The US Embassy advises American tourists to avoid travel to Kashmir. The media makes you believe that Kashmir is filled with terrorists and destruction. It's a shame that there has been so much fear placed into traveling here, because Kashmir may be one of the most beautiful places I have ever seen and its people may be the most gentle, welcoming, and kind people I have ever been blessed to encounter. Yes, Kashmir has its problems, with Kashmiri activist groups fighting for segregation, the Indian military trying to take over and control completely, and with fear of Pakistani terrorists hiding in the shadows. The mobs, strikes, and violence, however, have been distant from our surroundings and the common people are eager to live in peace and share their love with us. We have been welcomed into people's homes, we have been greeted with smiles and handshakes, we have seen this beautiful landscape, and we have been unconditionally taken care of, the locals being so grateful for our visit.
Only a couple of days after we arrived to Srinigar, we met a mountain guide while having breakfast at a local Punjabi breakfast joint. I enjoyed my masala dosa with coconut sambal and curry while sipping coffee and discussing with our new friend, Mussah, our options for trekking through the mountains. We all agreed on a trek and he helped us around town to run errands that needed to be ran before we left the next morning for four days of trekking. He was kind enough to invite us to his home for lunch that day so we could meet his family and have a traditional Kashmiri meal, and spending time with his family was absolutely lovely.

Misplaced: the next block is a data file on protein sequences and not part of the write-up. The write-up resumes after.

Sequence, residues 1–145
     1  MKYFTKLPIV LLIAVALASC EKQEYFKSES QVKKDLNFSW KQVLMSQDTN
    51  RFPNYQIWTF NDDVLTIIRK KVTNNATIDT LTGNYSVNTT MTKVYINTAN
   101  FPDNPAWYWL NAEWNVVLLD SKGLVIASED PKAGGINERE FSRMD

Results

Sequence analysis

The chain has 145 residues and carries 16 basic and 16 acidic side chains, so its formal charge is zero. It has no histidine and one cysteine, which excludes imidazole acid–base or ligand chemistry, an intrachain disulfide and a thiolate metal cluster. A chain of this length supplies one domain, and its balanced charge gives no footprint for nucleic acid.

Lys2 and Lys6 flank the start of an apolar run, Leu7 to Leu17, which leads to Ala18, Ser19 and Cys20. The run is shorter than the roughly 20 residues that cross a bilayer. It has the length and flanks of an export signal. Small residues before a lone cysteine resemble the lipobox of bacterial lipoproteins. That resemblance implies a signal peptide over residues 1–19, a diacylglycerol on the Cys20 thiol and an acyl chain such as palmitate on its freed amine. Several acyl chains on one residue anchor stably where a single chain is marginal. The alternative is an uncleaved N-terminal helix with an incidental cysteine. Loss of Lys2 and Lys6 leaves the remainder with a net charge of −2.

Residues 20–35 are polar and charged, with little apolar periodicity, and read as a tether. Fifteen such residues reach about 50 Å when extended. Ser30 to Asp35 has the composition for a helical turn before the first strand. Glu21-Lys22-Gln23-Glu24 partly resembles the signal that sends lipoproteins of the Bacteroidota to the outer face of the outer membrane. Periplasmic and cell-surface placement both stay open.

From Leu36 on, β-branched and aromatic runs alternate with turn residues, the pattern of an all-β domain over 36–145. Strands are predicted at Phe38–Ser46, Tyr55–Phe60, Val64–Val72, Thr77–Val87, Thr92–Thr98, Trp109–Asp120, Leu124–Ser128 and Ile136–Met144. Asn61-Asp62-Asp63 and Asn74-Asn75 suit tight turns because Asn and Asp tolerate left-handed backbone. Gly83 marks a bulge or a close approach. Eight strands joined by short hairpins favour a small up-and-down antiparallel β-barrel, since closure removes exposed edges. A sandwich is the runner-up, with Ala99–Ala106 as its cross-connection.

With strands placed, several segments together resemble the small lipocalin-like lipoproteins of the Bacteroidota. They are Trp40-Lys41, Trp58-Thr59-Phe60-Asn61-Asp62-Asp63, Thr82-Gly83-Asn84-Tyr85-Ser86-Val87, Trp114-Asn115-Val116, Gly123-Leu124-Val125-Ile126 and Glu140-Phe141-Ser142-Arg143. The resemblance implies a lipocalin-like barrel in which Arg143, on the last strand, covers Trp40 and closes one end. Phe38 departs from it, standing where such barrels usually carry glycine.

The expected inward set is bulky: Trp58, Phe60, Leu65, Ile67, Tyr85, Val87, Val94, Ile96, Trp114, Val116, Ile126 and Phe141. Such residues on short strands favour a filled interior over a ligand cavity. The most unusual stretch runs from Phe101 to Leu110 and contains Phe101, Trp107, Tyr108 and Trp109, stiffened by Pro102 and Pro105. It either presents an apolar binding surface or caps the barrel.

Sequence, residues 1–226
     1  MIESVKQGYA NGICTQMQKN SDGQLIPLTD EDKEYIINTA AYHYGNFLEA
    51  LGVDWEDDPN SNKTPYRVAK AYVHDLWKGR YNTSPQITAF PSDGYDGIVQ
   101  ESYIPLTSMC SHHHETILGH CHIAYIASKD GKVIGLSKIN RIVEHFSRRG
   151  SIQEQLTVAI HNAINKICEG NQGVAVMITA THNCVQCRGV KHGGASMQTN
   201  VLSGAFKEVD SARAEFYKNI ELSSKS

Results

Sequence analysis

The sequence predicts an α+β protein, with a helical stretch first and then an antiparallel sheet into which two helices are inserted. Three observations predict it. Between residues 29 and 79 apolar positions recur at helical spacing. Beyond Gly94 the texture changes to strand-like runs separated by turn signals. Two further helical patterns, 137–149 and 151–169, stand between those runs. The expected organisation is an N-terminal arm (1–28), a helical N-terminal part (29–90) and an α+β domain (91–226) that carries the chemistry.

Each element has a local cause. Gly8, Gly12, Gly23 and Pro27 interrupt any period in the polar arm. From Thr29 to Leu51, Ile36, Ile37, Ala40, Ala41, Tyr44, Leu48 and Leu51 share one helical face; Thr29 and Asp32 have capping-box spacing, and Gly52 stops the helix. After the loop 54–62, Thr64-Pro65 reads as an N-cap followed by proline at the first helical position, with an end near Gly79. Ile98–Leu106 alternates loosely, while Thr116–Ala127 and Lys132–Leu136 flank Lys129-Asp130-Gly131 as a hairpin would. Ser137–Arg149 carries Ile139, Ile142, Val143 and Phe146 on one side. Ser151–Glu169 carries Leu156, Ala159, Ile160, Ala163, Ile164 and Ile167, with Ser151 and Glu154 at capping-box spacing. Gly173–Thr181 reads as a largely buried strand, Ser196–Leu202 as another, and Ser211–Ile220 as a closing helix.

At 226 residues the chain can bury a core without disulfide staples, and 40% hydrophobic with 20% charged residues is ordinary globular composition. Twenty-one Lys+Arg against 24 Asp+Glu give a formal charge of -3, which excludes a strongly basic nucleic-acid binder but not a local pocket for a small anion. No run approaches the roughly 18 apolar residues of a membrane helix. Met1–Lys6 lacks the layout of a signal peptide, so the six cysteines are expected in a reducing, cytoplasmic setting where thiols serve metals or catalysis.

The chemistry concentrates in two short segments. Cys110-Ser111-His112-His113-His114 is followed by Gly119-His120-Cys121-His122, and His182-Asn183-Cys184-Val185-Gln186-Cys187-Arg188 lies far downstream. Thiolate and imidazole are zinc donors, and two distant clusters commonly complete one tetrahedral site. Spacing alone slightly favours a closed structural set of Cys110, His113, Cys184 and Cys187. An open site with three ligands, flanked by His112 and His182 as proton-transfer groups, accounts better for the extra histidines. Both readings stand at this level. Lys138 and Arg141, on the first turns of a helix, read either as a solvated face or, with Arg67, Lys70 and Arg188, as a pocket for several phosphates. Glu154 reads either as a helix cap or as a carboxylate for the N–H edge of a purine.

We walked into his home to find the women of his family snuggled together on the kitchen floor and they were quick to welcome us with smiles and curiosity. We shared a warm blanket on the kitchen floor with Mussah's mother, three sisters, four nieces, and pregnant wife while we sipped traditional Kashmiri green tea and ate spicy curries and rice for lunch. Because of the language barrier, there weren't many words exchanged, but being in the presence of women in Kashmir is always a blessings, since it's such a male dominated world. Even if we can't communicate through words, the feminine presence creates a sisterhood that we are all so grateful to share.The kitchen walls were lined with shelves, displaying the traditional copper plateware that's customary for every meal and, in the silence, I admired the differences within our homes. His 23-year-old wife was so sweet and could communicate with us the most, although she was very shy at first. She admired us for our travels and, while her husband was in the other room, she explained how life as a Kashmiri wife is like a prison. She used to be a school teacher and loved her job, but once she was married, she had to play the role of "house wife". She giggled and smiled as she explained her situation, understanding that it's just tradition in her culture for it to be that way and I'm positive she spoke for many women in her tribe. We tried to convince her to do the trek with us, to come see the mountains, but her hesitation proved even more what her life is like.